For two decades it went unchanged. It was outdated, hard for some to understand. It wasn’t clear on some artificial things that food companies have been adding to our food lately. And now, despite the millions of dollars of lobbying major food companies and their associations have poured into the political system, the U.S. Food and Drug Administration (FDA) has finally released a new nutrition facts label.
Hallefreakinglujah. We desperately need a change. Something to shake up the system that has resulted in approximately one-third (34.9% or 78.6 million) of obese adult Americans (according to the CDC). That doesn’t even include the 17% of obese children. Obesity, which has been linked to poor diet and lack of exercise, can lead to heart disease, type 2 diabetes and Alzheimer’s.
Bravo that the government was able to overcome the special interests hired by powerful and rich food companies that fought to keep the new “added sugars” line off of the label. Bravo that they were able to do what was right for everyday Americans and the future health and financial wellbeing of our country. And bravo to first lady Michelle Obama, who unveiled the new label and was a pivotal figure in the entire process.
We all want to be healthy. Who doesn’t? Now we have a label that will help us to make better decisions about the food we purchase for ourselves and our families.
So what’s different? Here are the highlights:
- Larger font size for calories, servings per container and the serving size declaration.
- Bolding the number of calories and the serving size to highlight the information.
- Manufacturers must declare the actual amount, in addition to the percent daily value, of vitamin D, calcium, iron and potassium.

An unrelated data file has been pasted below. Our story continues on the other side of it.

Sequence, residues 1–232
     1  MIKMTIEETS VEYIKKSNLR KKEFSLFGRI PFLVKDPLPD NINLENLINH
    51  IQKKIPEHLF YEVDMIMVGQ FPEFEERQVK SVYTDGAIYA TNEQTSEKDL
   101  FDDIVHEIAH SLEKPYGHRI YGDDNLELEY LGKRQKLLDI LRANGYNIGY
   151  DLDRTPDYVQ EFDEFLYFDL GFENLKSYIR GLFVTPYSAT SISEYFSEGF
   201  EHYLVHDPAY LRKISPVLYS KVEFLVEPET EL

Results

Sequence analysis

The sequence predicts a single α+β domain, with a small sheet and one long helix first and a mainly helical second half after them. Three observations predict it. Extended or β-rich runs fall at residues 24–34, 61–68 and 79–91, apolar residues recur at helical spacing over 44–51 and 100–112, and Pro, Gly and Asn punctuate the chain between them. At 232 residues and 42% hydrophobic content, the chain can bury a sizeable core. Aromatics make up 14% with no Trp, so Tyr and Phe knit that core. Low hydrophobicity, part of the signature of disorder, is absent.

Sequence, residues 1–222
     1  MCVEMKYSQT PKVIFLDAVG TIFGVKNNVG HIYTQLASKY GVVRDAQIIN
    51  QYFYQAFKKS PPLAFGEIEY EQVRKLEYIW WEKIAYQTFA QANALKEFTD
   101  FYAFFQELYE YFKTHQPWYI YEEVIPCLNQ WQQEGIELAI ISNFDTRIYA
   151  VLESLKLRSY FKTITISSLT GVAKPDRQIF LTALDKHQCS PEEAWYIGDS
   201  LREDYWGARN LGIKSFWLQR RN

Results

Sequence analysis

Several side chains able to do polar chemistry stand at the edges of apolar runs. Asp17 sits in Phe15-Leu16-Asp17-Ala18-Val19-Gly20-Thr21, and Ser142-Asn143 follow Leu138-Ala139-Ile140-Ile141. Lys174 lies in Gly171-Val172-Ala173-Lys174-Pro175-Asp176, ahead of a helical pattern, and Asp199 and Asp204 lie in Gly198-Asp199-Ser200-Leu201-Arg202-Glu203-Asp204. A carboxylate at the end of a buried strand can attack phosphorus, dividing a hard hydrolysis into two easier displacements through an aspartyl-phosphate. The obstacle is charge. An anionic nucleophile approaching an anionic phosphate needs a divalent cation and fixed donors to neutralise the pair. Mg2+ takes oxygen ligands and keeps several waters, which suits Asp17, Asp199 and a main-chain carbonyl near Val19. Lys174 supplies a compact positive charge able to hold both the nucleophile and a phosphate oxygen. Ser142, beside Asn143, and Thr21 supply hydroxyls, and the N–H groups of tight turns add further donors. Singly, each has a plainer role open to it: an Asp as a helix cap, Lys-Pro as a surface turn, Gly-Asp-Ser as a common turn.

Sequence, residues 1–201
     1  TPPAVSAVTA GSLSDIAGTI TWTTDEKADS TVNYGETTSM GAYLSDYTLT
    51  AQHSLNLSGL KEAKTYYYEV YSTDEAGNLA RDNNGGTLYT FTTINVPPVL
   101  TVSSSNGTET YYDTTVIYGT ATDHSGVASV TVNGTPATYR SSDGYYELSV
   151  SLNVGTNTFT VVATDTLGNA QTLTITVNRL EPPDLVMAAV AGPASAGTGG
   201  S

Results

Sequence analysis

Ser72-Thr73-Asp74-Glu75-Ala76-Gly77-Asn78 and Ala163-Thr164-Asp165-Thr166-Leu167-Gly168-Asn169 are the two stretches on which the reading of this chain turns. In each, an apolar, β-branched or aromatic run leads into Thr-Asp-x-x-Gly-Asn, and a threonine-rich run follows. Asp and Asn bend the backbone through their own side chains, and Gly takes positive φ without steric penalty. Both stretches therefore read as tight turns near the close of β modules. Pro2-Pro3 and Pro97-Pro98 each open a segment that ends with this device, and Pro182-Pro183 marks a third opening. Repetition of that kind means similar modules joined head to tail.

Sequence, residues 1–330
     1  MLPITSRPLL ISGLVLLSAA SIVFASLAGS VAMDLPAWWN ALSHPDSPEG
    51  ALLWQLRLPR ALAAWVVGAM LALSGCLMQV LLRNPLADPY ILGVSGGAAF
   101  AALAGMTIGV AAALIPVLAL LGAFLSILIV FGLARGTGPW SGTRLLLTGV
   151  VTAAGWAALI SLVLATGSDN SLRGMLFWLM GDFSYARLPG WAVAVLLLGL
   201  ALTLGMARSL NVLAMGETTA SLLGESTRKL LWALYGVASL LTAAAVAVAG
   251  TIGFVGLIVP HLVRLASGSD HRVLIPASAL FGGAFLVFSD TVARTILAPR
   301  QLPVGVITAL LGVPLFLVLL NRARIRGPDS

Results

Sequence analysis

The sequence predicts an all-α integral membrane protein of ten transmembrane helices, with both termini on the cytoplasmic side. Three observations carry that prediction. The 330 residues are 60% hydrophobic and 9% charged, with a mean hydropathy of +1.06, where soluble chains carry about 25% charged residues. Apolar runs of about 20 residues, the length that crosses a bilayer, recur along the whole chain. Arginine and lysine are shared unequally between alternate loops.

- Added sugars, in grams as well as percent of daily value, will now be included in the label underneath the normal sugars measurement (sugars will be the total amount while added sugars will be indented to show that it is part of the total sugars measurement).
- While continuing to require total fat, saturated fat and trans fat on the label, calories from fat will be removed as research has shown that the type of fat is more important than the amount.
- Serving size measurements will also be updated. Law requires that serving sizes be based on amounts of foods and beverages that people are actually consuming, not what they should be eating.
- As package size typically affects how much people eat, for packages that are between one and two servings, the calories and other nutrients will be required to be labeled as one serving because people typically will consume the entire thing in one sitting.
- For certain products that are larger than one serving but that could be consumed in one sitting or multiple sittings, manufacturers will have to provide “dual column” labels to indicate the amount of calories and nutrients on both a “per serving” and “per package/per unit” basis.
Manufacturers must comply with these new label requirements by July 26, 2018.
I gotta say, this is pretty awesome. Especially the new added sugars line. That is a BIG DEAL. Added sugar is everywhere, from canned beans to oatmeal to the tomato sauce you put on your pasta.
And how much sugar should we be eating? The World Health Organization (WHO) recommends that, for optimum health, we should consume no more than 6 teaspoons of sugar per day. How does that translate to what we see on a food label? Well, four grams of sugar equals one teaspoon. So if we do the math right, 6 teaspoons a day equals 24 grams of sugar.
The average American consumes more than 100 pounds of sugar and sweeteners per year. Case in point, recently my grandmother, bless her, showed me the Welch’s grape juice she loves to drink every morning. The label said “100% grape juice” with “no sugar added” and “2 servings of fruit”. Okay looks alright from the front, but what did the label say? Well, one serving (which is 8 ounces) contains 36 grams of sugar. One glass is more than the entire recommended daily intake of sugar for optimum health. Doesn’t matter whether it is “natural” sugar or added sweetener, our body processes it the same way.
Lordy. It just goes to show that no matter what the claims on the front, the label tells the entire story. I saw a great quote recently from nutritionist Ashley Koff, RD, which said about food packaging, “the front is everything they want you to hear; the back is the truth”. Read your labels folks. It is one of the keys to purchasing healthier, more wholesome food. Want a refresher? Check out my blog post on Food Label Reading 101 for some tips on what to look for.
Thankfully, with the announcement of this new and improved label, we are one step closer to conquering this unhealthy epidemic that has taken our nation by storm.
Published by Anna Young